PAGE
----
By Lauren Wise
By Anthony Sandoval
By New Times Staff
By Chris Parker
By Glenn BurnSilver
By Lauren Wise
By Jason P. Woodbury
By Chase Kamp
Looking on the surface is often deceiving. A simple glance at local band Element a440's press photos might lead you to believe it's a typical industrial/goth outfit. At first listen, you may compare the band's sound to Marilyn Manson, '80s punkers Big Black, or Stabbing Westward.
13825 N. 32nd St.
Phoenix, AZ 85032
Region: North Phoenix
But Element a440 doesn't comfortably fit the mold — something the band takes great care in making sure of. When vocalist Halo, drummer Animal, bassist Katt, and guitarist/bassist Graven hit the stage with their heavy but hooky electronic rock sound, they usually try to do it with bands from different genres, including punk and electro pop.
"We decided to start on stage with bands in the electronic genre, even though that may not be what we were immediately categorized as," Graven says. "Naturally, bands gravitate toward bands similar to them, but sometimes the scene stagnates because you don't grow. It's like Lemmy [Kilmister] says in The Decline of Western Civilization Part II: The Metal Years: 'If you think you got what it takes, shove it out, run it up the flagpole, and see who salutes it.'"
When it comes to throwing it up the flagpole, Element a440 knows how to let its freak flag fly, audibly and visually. Watching the band open for former MTV favorite Orgy at Joe's Grotto in December illustrated just how much the band enjoys making a scene: During the band's song "Kookie Kutter," Katt sipped from a plastic cup and spewed its contents all over singer Halo, perched in front of his mechanized, moving mic stand, writhing out of a straitjacket.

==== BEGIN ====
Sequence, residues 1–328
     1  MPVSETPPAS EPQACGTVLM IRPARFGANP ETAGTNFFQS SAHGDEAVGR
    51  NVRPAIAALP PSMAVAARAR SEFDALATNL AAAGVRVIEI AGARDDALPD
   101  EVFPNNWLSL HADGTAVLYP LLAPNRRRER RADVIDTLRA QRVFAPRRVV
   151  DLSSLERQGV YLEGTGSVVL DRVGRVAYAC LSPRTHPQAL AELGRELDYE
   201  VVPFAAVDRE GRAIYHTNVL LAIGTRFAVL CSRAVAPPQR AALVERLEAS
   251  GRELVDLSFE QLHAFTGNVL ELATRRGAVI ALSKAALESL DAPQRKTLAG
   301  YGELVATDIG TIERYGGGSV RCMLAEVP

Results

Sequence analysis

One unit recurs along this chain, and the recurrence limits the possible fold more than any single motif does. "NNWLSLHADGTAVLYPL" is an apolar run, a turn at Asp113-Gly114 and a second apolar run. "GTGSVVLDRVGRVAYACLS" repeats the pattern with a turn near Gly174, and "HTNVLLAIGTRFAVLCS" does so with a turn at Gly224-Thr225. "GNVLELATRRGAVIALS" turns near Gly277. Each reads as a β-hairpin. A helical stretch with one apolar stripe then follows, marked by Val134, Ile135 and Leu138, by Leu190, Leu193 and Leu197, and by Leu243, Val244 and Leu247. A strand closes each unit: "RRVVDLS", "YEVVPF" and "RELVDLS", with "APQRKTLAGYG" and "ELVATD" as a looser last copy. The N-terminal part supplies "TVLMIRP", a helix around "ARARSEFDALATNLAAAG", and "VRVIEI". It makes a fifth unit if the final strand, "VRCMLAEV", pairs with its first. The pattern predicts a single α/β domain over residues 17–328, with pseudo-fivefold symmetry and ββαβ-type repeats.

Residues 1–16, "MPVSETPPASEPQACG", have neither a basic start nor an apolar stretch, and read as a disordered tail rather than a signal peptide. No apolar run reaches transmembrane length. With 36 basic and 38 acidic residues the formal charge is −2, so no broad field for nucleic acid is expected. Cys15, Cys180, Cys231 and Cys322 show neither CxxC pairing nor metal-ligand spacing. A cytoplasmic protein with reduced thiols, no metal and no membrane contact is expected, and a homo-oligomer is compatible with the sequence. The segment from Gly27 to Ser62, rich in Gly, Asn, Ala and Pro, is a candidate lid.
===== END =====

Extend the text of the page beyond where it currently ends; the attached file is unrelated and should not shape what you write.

"Oh, that was real blood," Halo says.
"I think it was a cow's that night," Halo says. "We don't mess around — no fake blood."
Halo formed Element a440 in 2004 in a small Wyoming town. There, he wrote music for the band and assembled a lineup while researching other markets that might suit his plans for the band. Phoenix — not the most likely musical mecca — fit what he was looking for.
"When I visited Phoenix, I went to the Mason Jar," he says. "It was nasty and dirty and perfect for what I was looking for. It seemed to be a vibrant scene here, so I decided to go ahead and move here." The band disintegrated shortly after the move, but Halo decided to make Phoenix his home, studying at the Conservatory of Recording Arts and Sciences to become an engineer.
In 2010 he assembled the current lineup, and the difference was apparent.
"[This is] the strongest lineup we've ever had," the singer says. "I mean, Graven is just straight rock 'n' roll. He eats, breathes, shits, and fucks it."
"I used to get my mom's makeup box and do makeup like Ace Frehley," Graven laughs.
With a firm foundation in place, the band got to work on its second album, Whips, Knives, Candles, and Quills, set for release on February 1 at Joe's Grotto. The album, adorned with a naked model (save for duct tape Xs over her nipples) finds the group incorporating heavier guitars while maintaining a strong electronic presence.
"At the February 1 show, there's gonna be blood, spinning crosses, scantily clad girls, blow-up dolls," Graven says. "We're aiming for a lot of theatrics, because that's what people come to see."
The stage show is just one way the band tries to stand out, and fitting into an easily recognizable genre holds little interest for the members of Element a440.
"I go to shows in all genres on a weekly basis, and one thing we want to do is to bring together fans of different genres," Graven says. "The one thing I notice in the scene is that separation. Everyone has a grudge against everyone else or thinks his band is better. And that mentality kinda kills it. We just want to be a part of it, be a part of the scene I appreciate."
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